Preparing your property for winter

  • Winter brings with it a number of additional risks for property owners and managers to consider
  • From burst pipes to broken boilers, cold weather can lead to major damage and disruption
  • We look at some basic precautions you can take to prepare your property for winter weather

During winter months, property owners and occupiers face a number of increased risks.

Large escape of water losses are especially common, with wintry conditions and freezing temperatures leading to burst pipes, cracked water tanks and blocked drains.

Even more common minor problems, such as boiler breakdowns, can result in significant disruption to residents and your organisation, costing valuable time and resources to manage.

By taking the following precautions, you can help minimise the risk to your properties and increase their resilience to wintry weather.

1. Maintenance and general preparations

  • Routine building inspections should be carried out year- round to identify potential issues and undertake essential maintenance. Your formal risk assessment should inform the frequency of these inspections
  • During autumn, special attention should be given to areas such as roof insulation, pipe lagging, boiler maintenance and the external fabric of the building
  • Implement regular maintenance contracts for tasks such as the clearing of gutters and drains. This will limit the risk of blockages that can lead to water penetrating your building
  • Keep building plans that identify stopcock locations readily available. This will enable water to be quickly shut off in an emergency
  • Check your roof for potential problems such as loose, cracked or missing tiles. You can survey the roof from the ground, to see if anything’s obviously wrong – look out for shards of tile or grit in the gutters and on the floor – but it’s best to get a professional to fully survey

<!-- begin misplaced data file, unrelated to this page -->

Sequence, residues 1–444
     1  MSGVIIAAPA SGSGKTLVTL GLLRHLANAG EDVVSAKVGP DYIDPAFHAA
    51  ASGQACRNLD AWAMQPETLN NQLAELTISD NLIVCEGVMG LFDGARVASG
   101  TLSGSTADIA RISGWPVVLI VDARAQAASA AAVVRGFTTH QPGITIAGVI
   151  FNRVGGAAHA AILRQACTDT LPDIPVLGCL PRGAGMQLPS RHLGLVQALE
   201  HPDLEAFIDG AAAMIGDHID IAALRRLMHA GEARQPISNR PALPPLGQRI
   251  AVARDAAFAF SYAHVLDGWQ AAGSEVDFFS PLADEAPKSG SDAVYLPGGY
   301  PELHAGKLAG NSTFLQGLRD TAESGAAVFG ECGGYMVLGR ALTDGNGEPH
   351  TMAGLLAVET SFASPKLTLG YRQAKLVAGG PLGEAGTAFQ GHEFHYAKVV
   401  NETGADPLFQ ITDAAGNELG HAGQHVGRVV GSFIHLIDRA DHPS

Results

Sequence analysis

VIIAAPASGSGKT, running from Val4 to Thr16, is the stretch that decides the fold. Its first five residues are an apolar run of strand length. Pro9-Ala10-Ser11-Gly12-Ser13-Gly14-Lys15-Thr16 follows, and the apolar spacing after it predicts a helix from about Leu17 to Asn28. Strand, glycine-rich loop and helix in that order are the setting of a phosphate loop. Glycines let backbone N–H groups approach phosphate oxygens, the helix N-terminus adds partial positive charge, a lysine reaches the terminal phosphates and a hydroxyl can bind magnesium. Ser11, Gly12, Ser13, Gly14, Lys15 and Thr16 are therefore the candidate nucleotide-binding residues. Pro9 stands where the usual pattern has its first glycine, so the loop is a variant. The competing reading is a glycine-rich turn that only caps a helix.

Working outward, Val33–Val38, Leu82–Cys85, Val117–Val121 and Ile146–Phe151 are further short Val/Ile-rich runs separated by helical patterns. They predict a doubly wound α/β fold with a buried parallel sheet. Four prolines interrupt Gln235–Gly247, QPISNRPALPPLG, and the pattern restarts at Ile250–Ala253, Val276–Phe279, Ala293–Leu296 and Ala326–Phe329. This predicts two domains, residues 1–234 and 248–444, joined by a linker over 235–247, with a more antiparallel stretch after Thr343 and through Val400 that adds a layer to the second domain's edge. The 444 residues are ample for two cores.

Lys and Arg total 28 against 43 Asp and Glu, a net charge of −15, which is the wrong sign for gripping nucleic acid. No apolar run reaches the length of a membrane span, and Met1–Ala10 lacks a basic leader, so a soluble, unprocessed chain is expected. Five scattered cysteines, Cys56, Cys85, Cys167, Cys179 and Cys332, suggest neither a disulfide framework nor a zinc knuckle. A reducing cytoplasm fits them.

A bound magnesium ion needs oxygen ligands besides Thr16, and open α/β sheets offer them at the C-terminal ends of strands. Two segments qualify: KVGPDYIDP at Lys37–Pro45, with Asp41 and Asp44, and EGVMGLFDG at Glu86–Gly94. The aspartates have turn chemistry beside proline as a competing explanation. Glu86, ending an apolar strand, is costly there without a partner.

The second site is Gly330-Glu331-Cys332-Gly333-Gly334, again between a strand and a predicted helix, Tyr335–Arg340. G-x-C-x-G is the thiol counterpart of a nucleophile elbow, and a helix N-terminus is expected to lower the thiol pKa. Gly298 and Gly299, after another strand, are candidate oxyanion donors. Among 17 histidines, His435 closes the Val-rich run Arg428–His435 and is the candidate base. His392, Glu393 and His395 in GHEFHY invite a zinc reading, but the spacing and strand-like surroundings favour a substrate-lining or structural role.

• Keep a careful eye on trees that could fall onto the property in stormy weather

2. Water heating systems

  • Always leave boilers and other water heating systems running during winter months, even when a property is temporarily unoccupied
  • Maintaining an ambient temperature is essential for avoiding many issues. We recommend maintaining a minimum temperature of 10°C throughout your properties
  • Activate your thermostat’s frost setting. This prompts the system to come on automatically during cold weather, which might otherwise not happen if your thermostat is only set to come on at certain times of the day
  • Check when you last carried out a full service. Heating systems, and particularly boilers, need to be inspected and maintained on a regular basis

3. Pipes and water tanks

  • Inspect your whole system for potential defects or vulnerabilities. Pay particular attention to areas exposed to cold conditions, such as pipes or tanks situated outside the property or in roof spaces
  • Ensure exposed pipes and water tanks are adequately lagged. This provides essential protection against freezing conditions
  • Insulate or fully drain outdoor taps between uses

4. Sprinkler systems

  • Ensure that heating is present in your sprinkler valve room and it is kept at an ambient temperature
  • During winter months switch your alternate systems to air (recommended November to May)
  • Check when your sprinkler system was last serviced. Ensure sprinklers receive full and regular maintenance

5. Permanently unoccupied properties

  • If permanently unoccupied, we recommend disconnecting your property’s water supplies and draining all pipes, tanks and heating systems
  • However, if only temporarily unoccupied, heating systems should always be left on, to maintain an ambient temperature and avoid freezing or cracking
  • Ensure doors and windows are closed and fit tightly

Helping tenants

The more informed your tenants are about winter problems, the better they can look after your property. It may be worth putting together an advice pack for tenants – particularly those who may not have owned their own home before.

Include advice on heating timers and the risks of potential damage and make sure they know where the stopcock is in case of an emergency. Advice on mould prevention is also useful, such as ensuring proper ventilation, heating and the removal of condensation.